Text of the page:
Picture our domain at Cottarton, fields, winding pathways, gardens of Canterbury bells,vegetable rows, and then some special features such as the house, cabin, greenhouse, labyrinth, beehives. Not to forget special residents such as our three cats and the bees. How clearly can you see it all? Now transfer your vision to cardboard tiles, arrange them in ways that suit you. You’re not the only player in this game. There are others and they may not agree with you on how to build the gardens, where to put paths or the position of the greenhouse. All players place their tokens on pathways, gardens, special features and even fields. Points are awarded for completed gardens and paths. Special tiles that contain a bee win you extra points because bees increase the value of a garden.
Now you’re playing Bees and Trees, the table top game that Lois left for us under the tree. When I opened the box and saw the handcrafted tiles, for a moment I thought that with the assistance of a magic spell she'd encapsulated features of our domain on small cards. That if I stared for long enough at the log hive I’d see bees flying. Or that the cats would start dancing. We sat around the table, picked our token --- each player has six; pebbles and shells that Lois had gathered at the foot of Mount Olympus in Greece. And so the players each picked a card when their turn came. Like Woofers, they built pathways, gardens, planted trees and laid claim to the special features. Perhaps the one aspect not true to life was the competition for lucrative gardens and the fields that contain them. People who visit us don’t jockey to possess anything.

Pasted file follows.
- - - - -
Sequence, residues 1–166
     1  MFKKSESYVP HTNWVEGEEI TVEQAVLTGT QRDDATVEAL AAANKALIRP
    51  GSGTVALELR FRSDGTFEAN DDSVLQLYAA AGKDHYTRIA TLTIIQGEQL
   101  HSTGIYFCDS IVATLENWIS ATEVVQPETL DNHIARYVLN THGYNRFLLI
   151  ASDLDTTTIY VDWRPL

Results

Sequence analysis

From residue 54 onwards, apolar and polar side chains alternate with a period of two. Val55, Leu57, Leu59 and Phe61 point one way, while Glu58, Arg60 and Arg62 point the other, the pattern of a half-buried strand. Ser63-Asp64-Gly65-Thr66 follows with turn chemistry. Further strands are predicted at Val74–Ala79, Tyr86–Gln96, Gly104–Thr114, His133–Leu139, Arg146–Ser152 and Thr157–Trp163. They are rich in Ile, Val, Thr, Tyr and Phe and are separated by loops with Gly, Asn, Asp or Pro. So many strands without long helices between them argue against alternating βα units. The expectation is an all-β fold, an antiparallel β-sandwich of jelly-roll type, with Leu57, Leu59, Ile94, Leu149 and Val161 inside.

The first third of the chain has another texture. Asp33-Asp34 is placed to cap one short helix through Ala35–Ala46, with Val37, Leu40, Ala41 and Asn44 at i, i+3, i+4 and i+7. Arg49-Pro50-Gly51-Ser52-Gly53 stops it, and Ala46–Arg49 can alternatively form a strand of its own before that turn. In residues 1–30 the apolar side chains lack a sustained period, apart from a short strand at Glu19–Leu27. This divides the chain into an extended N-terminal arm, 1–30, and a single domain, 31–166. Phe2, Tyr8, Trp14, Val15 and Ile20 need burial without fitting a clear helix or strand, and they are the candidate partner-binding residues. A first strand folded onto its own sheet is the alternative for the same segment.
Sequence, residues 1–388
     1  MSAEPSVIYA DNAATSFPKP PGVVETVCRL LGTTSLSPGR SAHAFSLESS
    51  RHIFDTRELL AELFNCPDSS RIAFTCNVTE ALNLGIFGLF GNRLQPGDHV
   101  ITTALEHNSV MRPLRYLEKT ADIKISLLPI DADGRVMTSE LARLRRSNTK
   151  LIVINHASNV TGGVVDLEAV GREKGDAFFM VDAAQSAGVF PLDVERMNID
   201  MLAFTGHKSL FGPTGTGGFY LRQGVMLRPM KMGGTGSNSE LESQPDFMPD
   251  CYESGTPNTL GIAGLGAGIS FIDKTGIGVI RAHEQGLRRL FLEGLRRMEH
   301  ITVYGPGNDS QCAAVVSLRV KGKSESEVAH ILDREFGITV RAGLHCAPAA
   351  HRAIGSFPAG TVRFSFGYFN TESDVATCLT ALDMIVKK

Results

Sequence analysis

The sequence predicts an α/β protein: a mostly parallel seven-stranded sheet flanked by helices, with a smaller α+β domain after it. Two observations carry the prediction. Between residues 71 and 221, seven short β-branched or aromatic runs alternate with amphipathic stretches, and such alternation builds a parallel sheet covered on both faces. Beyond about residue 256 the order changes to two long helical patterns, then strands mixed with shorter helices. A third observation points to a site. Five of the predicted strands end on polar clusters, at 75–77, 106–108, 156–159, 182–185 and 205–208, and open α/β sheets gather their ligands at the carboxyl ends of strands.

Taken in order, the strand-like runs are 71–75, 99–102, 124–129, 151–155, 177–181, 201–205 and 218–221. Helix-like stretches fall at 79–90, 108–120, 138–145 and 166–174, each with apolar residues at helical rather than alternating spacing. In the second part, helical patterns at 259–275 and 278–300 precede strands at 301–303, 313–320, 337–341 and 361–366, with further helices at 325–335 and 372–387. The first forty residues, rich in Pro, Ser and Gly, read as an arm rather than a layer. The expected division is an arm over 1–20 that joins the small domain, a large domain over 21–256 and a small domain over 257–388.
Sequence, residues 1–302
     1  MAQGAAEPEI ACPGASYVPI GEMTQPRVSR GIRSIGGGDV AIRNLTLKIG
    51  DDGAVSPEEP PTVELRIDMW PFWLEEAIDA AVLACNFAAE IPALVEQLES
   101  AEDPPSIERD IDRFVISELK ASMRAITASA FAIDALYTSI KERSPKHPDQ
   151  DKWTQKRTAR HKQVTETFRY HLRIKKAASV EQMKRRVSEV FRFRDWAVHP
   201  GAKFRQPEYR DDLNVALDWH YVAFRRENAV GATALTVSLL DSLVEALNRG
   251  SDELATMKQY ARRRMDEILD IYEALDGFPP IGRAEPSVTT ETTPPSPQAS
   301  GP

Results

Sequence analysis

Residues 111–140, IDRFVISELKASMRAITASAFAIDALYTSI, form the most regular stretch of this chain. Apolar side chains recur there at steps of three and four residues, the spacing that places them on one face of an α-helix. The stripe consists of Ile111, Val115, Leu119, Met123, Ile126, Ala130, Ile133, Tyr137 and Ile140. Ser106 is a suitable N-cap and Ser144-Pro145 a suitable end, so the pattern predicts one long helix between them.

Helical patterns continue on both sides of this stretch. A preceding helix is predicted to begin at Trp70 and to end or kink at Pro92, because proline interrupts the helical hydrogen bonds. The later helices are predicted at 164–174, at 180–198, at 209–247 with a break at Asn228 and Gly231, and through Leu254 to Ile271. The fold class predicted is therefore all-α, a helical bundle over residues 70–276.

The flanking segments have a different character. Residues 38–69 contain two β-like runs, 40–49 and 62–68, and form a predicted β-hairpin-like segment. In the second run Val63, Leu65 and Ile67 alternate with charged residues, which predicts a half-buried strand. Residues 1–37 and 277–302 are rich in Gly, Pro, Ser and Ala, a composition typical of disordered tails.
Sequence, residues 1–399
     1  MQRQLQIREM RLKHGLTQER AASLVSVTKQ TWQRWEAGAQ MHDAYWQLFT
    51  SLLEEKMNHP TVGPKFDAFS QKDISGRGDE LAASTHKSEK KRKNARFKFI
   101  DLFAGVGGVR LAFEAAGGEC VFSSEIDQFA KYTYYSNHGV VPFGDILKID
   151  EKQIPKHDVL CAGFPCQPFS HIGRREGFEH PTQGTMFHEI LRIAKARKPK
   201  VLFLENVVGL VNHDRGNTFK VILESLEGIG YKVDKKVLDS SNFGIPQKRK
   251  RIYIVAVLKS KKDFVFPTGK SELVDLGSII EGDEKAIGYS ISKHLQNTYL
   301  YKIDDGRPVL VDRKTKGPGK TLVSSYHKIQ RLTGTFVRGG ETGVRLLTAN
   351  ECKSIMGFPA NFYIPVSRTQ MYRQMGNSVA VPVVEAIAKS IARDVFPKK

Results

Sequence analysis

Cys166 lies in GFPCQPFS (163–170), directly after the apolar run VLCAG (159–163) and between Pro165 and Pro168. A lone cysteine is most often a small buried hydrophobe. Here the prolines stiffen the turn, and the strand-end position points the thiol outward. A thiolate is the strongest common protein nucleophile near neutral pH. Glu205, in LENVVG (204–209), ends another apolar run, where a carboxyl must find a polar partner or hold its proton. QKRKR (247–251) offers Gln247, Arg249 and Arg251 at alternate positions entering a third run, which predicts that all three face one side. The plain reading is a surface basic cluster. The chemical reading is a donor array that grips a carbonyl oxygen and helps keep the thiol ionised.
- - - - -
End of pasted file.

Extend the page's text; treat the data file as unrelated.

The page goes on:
Gardens -- bee included
But after all, it’s a game, not a bad place to let your competitive instincts express themselves. Or to explore how to take the cards that you’re dealt, apparently at random, and build something beautiful.